number of illegal tyres detected on our roads rose to an alarming 63%! Having submitted this data, we are now working with the SABS to formalise a voluntary standard for part-worn tyres. This was in effect some years ago, but fell away due to a lack of support from other government departments.
Now, however, we are approaching the issue as a united front, encompassing all the relevant players in the SA tyre sector who share a common interest in seeing the eradication of this dangerous practice. Coming together with a stronger voice appears to be working and we have been able to garner support. Having made certain recommendations to the Department of Transport concerning the National Traffic Road Act, (as to which sections no longer make sense due to production changes, or how safety regulations have changed globally), we have received approval and are a few months away from adoption and implementation.
That is encouraging but going forward, how does industry ensure the new regulations are being policed and enforced?
For this to happen, the various government departments are going to have to talk to each other. The new standards, once implemented, will have to be correctly enforced if we are to see an effective rollout.
This too is causing the industry a lot of frustration but we have to start somewhere. We have started training traffic officers to ensure better alignment between ourselves and the various enforcement authorities. It is hugely important for the policing officers to be aware of the proposed new changes before they can enforce them.
How much can the rise in the sale of partworn tyres be attributed to the lack of a formal waste tyre management plan?
The two issues go hand-in-hand. As I’m sure you know, the Waste Bureau is unable to cope with the effective removal and disposal of scrap tyres from manufacturing plants and retail sites.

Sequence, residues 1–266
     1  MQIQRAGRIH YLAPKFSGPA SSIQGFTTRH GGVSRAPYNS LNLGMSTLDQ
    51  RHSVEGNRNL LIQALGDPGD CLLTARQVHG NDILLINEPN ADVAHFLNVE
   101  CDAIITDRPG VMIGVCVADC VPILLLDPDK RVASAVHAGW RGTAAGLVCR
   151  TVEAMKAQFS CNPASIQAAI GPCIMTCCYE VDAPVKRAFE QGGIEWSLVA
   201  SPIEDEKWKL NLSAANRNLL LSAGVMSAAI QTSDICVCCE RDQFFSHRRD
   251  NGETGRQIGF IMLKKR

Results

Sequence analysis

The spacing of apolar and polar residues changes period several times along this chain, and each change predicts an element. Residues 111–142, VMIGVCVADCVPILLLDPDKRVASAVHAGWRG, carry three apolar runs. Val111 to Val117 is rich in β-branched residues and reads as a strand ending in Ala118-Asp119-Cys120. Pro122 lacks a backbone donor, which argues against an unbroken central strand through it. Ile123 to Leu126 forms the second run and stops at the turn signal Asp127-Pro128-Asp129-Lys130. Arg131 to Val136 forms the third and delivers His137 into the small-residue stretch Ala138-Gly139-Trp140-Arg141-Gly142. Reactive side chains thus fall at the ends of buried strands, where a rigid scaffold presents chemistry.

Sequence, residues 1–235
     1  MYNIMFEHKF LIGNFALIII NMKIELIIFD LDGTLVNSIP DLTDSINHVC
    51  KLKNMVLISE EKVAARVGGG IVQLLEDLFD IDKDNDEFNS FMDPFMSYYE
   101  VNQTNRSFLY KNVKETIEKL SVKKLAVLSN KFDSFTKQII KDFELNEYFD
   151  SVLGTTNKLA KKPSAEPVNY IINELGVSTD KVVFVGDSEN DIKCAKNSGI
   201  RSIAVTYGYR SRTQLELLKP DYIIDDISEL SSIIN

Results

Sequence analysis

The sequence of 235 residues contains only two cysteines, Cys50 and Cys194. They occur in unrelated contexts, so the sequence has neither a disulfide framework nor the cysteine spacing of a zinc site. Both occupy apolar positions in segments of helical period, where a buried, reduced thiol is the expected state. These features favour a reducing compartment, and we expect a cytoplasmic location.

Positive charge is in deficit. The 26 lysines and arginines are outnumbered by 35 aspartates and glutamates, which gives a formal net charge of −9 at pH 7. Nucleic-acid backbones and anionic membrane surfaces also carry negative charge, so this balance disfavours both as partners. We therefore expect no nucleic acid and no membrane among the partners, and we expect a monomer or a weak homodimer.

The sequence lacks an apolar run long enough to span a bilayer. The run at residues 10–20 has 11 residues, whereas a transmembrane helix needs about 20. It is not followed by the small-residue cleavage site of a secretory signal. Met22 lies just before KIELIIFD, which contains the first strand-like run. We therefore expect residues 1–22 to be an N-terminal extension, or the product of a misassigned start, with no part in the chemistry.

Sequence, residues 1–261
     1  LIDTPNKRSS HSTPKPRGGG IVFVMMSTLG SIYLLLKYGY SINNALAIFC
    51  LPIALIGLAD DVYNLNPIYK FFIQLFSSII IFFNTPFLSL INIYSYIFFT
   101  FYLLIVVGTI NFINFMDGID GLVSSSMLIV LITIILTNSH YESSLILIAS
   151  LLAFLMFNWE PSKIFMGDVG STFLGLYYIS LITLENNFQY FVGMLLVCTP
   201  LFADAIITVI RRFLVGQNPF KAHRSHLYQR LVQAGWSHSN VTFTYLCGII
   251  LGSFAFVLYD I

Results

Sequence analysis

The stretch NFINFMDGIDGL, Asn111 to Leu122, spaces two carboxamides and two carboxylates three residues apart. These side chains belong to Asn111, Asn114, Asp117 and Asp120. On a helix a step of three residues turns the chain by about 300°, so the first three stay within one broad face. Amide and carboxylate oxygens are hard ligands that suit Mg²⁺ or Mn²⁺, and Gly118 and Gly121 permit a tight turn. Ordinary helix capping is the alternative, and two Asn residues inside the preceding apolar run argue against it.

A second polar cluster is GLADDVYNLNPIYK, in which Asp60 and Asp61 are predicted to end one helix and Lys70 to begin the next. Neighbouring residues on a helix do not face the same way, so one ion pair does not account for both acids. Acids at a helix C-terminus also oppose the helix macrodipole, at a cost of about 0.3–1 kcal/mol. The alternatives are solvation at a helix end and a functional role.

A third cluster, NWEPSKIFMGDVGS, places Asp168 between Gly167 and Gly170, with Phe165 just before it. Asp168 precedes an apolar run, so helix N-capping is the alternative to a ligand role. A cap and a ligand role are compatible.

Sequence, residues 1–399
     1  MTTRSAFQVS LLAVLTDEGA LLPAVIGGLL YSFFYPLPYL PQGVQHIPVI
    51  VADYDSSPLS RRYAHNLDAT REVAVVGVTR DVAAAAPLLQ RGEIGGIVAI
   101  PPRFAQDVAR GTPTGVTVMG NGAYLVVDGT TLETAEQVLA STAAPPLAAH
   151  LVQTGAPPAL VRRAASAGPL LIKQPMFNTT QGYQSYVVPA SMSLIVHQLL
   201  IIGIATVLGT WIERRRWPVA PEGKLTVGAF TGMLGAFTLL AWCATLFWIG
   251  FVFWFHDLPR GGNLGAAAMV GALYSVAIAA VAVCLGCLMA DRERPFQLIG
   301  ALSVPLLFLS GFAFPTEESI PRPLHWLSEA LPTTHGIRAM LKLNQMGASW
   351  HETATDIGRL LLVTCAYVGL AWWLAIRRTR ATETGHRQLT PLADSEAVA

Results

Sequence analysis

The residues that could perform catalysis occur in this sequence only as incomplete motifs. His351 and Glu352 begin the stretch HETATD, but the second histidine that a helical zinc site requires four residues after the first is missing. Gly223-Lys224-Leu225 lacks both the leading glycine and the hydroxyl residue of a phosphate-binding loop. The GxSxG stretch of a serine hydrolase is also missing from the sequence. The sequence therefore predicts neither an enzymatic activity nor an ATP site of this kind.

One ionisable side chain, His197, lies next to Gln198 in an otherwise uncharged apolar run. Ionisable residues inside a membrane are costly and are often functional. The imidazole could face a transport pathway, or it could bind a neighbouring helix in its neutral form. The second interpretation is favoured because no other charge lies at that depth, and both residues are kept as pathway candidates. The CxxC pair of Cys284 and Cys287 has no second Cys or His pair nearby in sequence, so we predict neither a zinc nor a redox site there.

Our four manufacturers are currently sitting with stockpiles outside their plants which is raising health and safety issues from authorities.
And in the retail space, (most retailers lease their properties), landlords are receiving letters of warning from authorities about the growing mound of scrap tyres on their properties. In response, the landlords are coming down heavily on the retailers. The repercussions of this are grave, for both manufacturers and retailers. The manufacturers are now looking to reduce
their production volumes – with massive implications to costs, quality standards and labour – while some retail stores have been forced to close in compliance with health and safety notices.
Worse still, as an industry – and the manufacturers in particular – we are paying a R2.30/kg environmental levy to Treasury on a monthly basis towards providing the service of collecting and disposing of waste tyres towards funding waste tyre collections and other logistical issues. Our new goal would be to focus on ensuring proper governance materialises and that industry is given oversight over the entire process in order to make the necessary changes in line with our operational levels. We are pleading with the Department to hear our pleas, in order to hopefully improve the current service levels.
Some are suggesting the manufacturers should cease paying the environmental levy until their concerns are heard.